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Reducing vulnerability to oil supply disruption (was: A little gem...)

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  • lawrence_01749
    Thanks Jack. The perspective is interesting - implying that we actually have a choice of relying on imported oil with its attendant vulnerability to price
    Message 1 of 2 , Nov 20, 2002
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      Thanks Jack. The perspective is interesting - implying that we
      actually have a "choice" of relying on imported oil with its
      attendant vulnerability to price and supply disruption, vs. just
      pumping the hell out of the reserves we have left and somehow meeting
      domestic demand with very expensive but domestically-supplied oil.

      That choice disappeared for sure by the late 1970's; yet it still
      seems to remain a fantasy in the minds of people who ought to know
      better. Of course, if we actually could pump at unlimited rates and
      went to 100% domestic supply, US reserves would be truly gone in
      about 4 years. And then, we would be importing 100%, rather than 60%
      as we do now. Either that or we roll up the carpets and go back to
      the stone age right here at home.

      Here's what they are saying:

      "the U.S. economy realizes hundreds of billions of
      dollars in benefits annually by using relatively low cost imported
      oil rather than relying on more expensive domestic sources of energy.
      By comparison, oil shocks impose large but infrequent economic costs
      that, when annualized, are estimated to cost the U.S. economy tens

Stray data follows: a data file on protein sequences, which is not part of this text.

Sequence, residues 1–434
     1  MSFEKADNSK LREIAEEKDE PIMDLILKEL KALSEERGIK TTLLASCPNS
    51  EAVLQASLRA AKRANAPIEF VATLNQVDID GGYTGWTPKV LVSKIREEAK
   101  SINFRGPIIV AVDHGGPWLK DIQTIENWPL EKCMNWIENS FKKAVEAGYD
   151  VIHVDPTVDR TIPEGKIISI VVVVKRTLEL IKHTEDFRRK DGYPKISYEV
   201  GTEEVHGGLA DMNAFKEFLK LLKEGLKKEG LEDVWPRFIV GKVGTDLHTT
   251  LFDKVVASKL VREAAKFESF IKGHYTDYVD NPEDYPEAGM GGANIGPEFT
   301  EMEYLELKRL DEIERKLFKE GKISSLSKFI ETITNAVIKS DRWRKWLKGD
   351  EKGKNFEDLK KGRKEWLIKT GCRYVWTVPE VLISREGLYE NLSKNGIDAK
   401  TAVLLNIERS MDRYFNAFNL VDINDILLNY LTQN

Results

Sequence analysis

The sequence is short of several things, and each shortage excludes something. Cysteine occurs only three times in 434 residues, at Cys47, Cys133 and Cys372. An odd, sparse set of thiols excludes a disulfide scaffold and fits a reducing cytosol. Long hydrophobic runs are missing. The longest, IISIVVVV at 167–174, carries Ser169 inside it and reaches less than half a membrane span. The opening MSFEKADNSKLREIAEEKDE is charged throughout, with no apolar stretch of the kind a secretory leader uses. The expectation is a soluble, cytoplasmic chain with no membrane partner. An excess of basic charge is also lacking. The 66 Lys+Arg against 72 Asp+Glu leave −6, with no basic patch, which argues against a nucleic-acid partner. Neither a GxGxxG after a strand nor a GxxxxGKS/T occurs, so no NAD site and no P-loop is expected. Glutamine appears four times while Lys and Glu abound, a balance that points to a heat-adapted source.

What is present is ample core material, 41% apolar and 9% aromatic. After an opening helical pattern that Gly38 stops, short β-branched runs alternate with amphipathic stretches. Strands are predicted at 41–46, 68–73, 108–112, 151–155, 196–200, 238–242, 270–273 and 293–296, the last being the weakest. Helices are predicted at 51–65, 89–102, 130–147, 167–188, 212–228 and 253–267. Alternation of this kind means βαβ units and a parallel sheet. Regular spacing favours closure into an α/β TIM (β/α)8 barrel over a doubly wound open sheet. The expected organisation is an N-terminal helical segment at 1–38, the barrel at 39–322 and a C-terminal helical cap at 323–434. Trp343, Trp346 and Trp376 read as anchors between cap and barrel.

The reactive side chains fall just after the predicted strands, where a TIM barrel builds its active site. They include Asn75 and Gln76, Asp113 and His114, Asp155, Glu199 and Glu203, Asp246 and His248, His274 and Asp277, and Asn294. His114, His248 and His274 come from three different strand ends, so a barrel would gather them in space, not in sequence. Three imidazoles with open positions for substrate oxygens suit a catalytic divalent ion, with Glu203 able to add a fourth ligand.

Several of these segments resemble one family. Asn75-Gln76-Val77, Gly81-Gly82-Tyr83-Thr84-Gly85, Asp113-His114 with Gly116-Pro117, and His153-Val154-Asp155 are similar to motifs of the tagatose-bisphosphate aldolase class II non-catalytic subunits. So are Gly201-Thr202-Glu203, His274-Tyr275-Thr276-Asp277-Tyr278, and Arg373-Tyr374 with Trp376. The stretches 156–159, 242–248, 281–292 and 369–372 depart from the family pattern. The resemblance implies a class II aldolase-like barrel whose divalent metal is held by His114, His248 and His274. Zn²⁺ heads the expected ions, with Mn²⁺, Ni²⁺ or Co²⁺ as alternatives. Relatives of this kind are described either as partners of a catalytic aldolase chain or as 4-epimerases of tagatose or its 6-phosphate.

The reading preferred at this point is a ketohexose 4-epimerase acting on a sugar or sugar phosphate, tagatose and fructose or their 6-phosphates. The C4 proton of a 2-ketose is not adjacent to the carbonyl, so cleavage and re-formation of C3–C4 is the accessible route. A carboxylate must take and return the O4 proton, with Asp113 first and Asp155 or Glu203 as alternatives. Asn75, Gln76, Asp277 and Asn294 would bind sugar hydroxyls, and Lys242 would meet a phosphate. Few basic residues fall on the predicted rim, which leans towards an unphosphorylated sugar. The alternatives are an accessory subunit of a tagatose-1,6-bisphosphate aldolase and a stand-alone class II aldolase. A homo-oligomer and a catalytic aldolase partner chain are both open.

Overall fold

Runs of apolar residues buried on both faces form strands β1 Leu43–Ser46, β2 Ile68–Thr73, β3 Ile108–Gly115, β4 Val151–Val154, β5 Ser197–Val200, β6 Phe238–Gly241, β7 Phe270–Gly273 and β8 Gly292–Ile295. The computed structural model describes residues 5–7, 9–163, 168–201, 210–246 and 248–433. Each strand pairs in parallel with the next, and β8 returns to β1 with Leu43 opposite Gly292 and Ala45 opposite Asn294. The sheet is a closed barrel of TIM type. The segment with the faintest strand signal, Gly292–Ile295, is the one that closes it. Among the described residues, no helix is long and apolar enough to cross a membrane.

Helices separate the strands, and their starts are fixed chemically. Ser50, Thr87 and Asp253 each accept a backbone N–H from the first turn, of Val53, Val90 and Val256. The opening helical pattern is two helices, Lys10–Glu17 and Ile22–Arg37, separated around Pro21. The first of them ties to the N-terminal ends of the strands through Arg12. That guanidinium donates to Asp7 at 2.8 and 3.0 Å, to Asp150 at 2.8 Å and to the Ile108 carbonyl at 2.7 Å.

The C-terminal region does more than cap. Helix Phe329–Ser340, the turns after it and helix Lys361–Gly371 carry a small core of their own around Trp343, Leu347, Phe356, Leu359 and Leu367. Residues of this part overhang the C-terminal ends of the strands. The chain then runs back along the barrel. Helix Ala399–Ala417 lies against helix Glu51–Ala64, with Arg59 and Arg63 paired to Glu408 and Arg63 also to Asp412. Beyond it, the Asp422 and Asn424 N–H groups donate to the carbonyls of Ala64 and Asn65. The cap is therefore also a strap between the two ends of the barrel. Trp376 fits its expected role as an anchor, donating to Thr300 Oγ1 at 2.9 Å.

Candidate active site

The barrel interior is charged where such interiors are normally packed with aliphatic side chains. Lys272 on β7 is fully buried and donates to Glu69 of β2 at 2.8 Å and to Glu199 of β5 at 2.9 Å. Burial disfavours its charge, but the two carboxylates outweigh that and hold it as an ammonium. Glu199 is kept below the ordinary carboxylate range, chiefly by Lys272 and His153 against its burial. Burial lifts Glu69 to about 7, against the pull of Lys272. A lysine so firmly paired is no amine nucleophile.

of billions of dollars per year. More importantly, substituting more
      costly domestic production for oil imports without lowering overall
      oil consumption would be unlikely to substantially lower the costs of
      oil supply disruptions.



      --- In energyresources@y..., "Jack Dingler" <weaseldog2001@y...>
      wrote:
      > http://www.securitymanagement.com/library/rced976.txt
      >
      > <PRE>Energy Security: Evaluating U.S. Vulnerability to Oil Supply
      > Disruptions
      > and Options for Mitigating Their Effects (Chapter Report, 12/12/96,
      > GAO/RCED-97-6).
      >
      > Pursuant to a congressional request, GAO reviewed the effectiveness
      of
      > the Administration's 1995 National Energy Policy Plan (NEPP) in
      reducing
      > the vulnerability of the U.S. economy to oil supply disruptions and
      > price shocks, focusing on: (1) the economic benefits of importing
      oil
      > compared with the potential economic costs of vulnerability to oil
      > shocks; (2) the extent to which the U.S. economy's vulnerability to
      oil
      > shocks will likely change over time given the programs and policies
      > contained in the Administration's 1995 NEPP and other relevant
      factors;
      > and (3) options for reducing the economy's vulnerability to oil
      shocks.
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